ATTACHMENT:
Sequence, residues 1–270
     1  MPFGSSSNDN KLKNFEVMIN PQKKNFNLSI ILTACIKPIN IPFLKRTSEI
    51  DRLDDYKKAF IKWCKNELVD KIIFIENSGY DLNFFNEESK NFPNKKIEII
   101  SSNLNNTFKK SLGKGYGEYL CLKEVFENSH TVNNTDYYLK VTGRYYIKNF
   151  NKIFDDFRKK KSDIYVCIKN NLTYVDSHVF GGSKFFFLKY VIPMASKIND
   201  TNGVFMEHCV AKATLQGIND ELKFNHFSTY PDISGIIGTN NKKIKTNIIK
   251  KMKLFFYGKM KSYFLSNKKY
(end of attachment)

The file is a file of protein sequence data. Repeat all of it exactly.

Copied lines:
Sequence, residues 1–270
     1  MPFGSSSNDN KLKNFEVMIN PQKKNFNLSI ILTACIKPIN IPFLKRTSEI
    51  DRLDDYKKAF IKWCKNELVD KIIFIENSGY DLNFFNEESK NFPNKKIEII
   101  SSNLNNTFKK SLGKGYGEYL CLKEVFENSH TVNNTDYYLK VTGRYYIKNF
   151  NKIFDDFRKK KSDIYVCIKN NLTYVDSHVF GGSKFFFLKY VIPMASKIND
   201  TNGVFMEHCV AKATLQGIND ELKFNHFSTY PDISGIIGTN NKKIKTNIIK
   251  KMKLFFYGKM KSYFLSNKKY